In January, 1944, our most advanced AAF base in the South and Southwest Pacific was on Stirling Island, 100 miles south of a fighter field established at the United States beachhead on Empress Augusta Bay, Bougainville Island, in the Solomons. In the Bismarck Sea area, the enemy's airdromes on western New Britain Island had been captured. The AAF had several advanced fighter fields located in the Ramu River Valley, at Nadzab, in the Markham River Valley, at Finchhafen on the Huon coast in New Guinea, and on the Trobriand and Woodlark Islands, and Goodenough Island.

Opposite these sectors, the Japanese Air Forces had deployed approximately 700 aircraft, concentrated primarily in Rabaul on New Britain and in Wewak and Hollandia on New Guinea.

As a result of previous American air action, these forces were definitely on the defensive. Due to continuing attacks by the 13th and 5th Army Air Forces, the enemy's dispositions both at Rabaul and Wewak were somewhat topheavy in fighter planes.

During January and through most of February, General Streett's 13th and the US Naval air forces, based in the Solomons, concentrated on the job of knocking out Rabaul as a major air threat. Just before the end of February — after having lost nearly 900 aircraft in defense of the base — the Japanese withdrew their remaining air strength from Rabaul, In consequence, Japanese ground forces on New Britain were forced to abandon virtually all of the islands. The shipping lanes which had supplied the doomed Japanese garrisons in the Bismarcks and the Solomons were controlled by us.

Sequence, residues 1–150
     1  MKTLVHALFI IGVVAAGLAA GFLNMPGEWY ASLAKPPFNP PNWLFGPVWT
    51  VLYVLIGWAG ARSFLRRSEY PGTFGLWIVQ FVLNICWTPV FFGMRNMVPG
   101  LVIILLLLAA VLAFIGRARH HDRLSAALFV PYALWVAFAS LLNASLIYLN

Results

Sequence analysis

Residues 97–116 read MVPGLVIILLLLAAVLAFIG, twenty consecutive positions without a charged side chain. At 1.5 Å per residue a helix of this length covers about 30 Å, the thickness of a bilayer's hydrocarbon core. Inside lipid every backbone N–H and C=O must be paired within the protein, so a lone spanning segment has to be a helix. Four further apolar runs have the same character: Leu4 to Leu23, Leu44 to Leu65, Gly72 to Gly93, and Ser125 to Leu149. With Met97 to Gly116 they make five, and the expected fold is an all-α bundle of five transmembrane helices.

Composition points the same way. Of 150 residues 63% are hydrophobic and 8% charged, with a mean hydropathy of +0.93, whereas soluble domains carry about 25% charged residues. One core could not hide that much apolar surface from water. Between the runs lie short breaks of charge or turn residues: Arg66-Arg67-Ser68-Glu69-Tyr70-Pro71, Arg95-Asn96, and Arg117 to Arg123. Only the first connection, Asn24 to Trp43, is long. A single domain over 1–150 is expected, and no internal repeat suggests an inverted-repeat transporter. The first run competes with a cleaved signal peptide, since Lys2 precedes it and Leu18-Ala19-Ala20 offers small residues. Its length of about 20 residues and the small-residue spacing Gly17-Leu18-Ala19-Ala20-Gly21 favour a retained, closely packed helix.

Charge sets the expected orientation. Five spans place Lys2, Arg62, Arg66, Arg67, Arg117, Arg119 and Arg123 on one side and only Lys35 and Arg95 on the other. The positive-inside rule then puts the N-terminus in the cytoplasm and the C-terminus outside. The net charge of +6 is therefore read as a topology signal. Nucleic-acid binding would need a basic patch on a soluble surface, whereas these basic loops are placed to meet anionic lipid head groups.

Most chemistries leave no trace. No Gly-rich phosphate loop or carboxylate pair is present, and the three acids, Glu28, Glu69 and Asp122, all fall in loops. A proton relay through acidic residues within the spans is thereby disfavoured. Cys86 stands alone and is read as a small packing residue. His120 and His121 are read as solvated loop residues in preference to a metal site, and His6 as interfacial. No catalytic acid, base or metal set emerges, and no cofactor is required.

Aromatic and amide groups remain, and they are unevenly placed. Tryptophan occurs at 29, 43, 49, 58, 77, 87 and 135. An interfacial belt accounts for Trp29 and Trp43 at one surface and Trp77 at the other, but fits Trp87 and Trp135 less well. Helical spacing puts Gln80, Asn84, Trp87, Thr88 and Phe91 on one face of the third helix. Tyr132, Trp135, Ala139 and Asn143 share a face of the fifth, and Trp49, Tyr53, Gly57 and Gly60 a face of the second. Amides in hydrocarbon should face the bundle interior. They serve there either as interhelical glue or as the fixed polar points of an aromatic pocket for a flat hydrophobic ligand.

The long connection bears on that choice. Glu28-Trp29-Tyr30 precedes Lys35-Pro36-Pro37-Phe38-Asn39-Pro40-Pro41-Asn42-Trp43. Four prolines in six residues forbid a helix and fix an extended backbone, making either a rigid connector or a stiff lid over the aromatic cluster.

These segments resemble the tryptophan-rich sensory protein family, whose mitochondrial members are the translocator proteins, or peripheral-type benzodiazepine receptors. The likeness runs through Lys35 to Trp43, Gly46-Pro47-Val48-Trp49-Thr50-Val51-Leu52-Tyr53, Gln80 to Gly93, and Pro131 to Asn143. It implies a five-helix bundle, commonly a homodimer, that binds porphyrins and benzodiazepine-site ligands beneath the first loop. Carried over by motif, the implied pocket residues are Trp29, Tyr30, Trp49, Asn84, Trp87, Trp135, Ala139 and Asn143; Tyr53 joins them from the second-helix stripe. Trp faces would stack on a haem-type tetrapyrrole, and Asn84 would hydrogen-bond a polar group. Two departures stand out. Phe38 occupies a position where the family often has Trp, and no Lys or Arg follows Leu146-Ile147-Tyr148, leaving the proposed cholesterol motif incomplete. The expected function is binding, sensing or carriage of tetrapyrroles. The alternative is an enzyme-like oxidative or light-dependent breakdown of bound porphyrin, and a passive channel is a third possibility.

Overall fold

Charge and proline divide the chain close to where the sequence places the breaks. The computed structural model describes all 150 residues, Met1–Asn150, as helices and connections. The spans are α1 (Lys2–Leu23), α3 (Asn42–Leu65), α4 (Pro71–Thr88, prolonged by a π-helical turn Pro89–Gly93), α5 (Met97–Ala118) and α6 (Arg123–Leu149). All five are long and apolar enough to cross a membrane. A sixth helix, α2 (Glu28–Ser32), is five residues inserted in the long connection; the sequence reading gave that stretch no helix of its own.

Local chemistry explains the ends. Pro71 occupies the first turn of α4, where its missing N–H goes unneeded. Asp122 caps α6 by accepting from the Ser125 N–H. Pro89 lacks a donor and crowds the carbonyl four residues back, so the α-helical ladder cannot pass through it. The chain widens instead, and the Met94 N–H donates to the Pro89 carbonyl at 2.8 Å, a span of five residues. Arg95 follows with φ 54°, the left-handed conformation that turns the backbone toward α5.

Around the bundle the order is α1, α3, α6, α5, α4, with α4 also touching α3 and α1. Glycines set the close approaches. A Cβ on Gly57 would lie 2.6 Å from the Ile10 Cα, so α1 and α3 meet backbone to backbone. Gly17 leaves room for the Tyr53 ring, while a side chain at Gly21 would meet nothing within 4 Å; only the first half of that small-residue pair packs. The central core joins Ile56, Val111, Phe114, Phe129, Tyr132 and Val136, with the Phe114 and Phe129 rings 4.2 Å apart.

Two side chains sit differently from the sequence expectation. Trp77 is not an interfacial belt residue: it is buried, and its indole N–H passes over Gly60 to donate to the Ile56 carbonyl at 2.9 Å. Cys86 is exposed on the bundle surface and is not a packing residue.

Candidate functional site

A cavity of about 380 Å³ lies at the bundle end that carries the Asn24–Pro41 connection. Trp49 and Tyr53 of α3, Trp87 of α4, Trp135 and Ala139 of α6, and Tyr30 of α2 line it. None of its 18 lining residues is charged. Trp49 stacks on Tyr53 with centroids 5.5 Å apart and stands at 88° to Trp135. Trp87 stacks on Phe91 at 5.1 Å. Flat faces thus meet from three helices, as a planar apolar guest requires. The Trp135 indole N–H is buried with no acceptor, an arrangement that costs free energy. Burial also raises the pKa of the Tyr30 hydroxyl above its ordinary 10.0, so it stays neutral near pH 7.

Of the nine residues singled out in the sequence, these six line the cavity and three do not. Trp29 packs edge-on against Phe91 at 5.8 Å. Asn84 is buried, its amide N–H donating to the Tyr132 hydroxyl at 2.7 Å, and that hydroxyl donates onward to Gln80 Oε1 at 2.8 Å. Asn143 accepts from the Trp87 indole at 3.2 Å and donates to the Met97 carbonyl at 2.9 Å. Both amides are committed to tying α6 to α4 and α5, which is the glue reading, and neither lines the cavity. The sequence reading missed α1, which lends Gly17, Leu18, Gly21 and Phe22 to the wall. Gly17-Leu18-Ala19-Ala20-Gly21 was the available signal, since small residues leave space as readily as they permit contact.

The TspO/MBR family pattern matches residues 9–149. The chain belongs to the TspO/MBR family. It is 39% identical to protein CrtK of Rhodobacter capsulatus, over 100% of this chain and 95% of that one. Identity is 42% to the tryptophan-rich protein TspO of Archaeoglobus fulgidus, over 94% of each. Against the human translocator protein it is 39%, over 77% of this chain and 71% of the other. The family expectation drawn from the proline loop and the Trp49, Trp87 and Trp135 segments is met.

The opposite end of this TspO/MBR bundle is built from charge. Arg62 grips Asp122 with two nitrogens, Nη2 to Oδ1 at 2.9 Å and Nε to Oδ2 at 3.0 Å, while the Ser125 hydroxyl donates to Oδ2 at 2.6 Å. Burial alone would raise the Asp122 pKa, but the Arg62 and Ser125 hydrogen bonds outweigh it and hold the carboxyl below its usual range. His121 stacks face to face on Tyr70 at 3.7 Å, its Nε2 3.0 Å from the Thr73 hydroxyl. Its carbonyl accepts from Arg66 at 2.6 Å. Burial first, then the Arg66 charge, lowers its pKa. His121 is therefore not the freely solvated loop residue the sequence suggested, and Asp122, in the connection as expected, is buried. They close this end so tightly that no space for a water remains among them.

Simultaneously, the 5th Air Force was knocking out Wewak as a major enemy base. In four days of concentrated attack the 5th Air Force put Hollandia out of the running. The entire enemy force of approximately 400 aircraft — was destroyed — mainly on the ground. The 5th Air Force then turned its attack on the islands of Biak, Noemfoor, and Owi in the Geelvink Bay area of Dutch New Guinea. Again enemy air was neutralized, and our amphibious forces moved in with light casualties.

The Philippines

The next objective of the 5th Air Force, now commanded by Major General Whitehead, logically became the Mindanao area of the Philippines. Here the enemy had based approximately 250-300 aircraft on partially-completed fields. We were able to inflict substantial losses before the Japanese withdrew again, this time to the Visayan area.

The 7th Air Force brought heavy bombers to the Palaus and joined in pounding the central Philippines. In November, units of the 5th Air Force were on Leyte, operating from airdromes constructed with remarkable speed under great difficulties.

The Far Eastern Air Force (the 5th and 13th combined under the command of Lieut Gen George C Kenney) had flown from January 1 to December 31, 1944, 155,107 combat sorties. During that period they dropped 90,087 tons of bombs. Through November, 1944, 326,490 tons of enemy shipping were sunk, 197,982 probably sunk and 540,500 tons damaged. Also through November they consumed 143,257,000 gallons of gasoline. From January 1, 1944, through December 31, 1944, they destroyed 2,414 enemy aircraft, probably destroyed 563, and damaged 692 while losing in combat 818 of our own.

No account, however sketchy, of the Far Eastern Air Forces, would be complete without reference to the superior work of the troop carriers who, in addition to dropping paratroops, fly men, ammunition, food, and supplies into bitterly contested forward areas. On return flights they evacuate the sick and wounded to hospitals in the rear. One troop carrier group, the "Jungle Skippers," has flown over 3,000,000 miles, transported over 24,000,000 pounds of high priority equipment, and carried more than 50,000 combat soldiers on missions involving 20,000,000 passenger miles.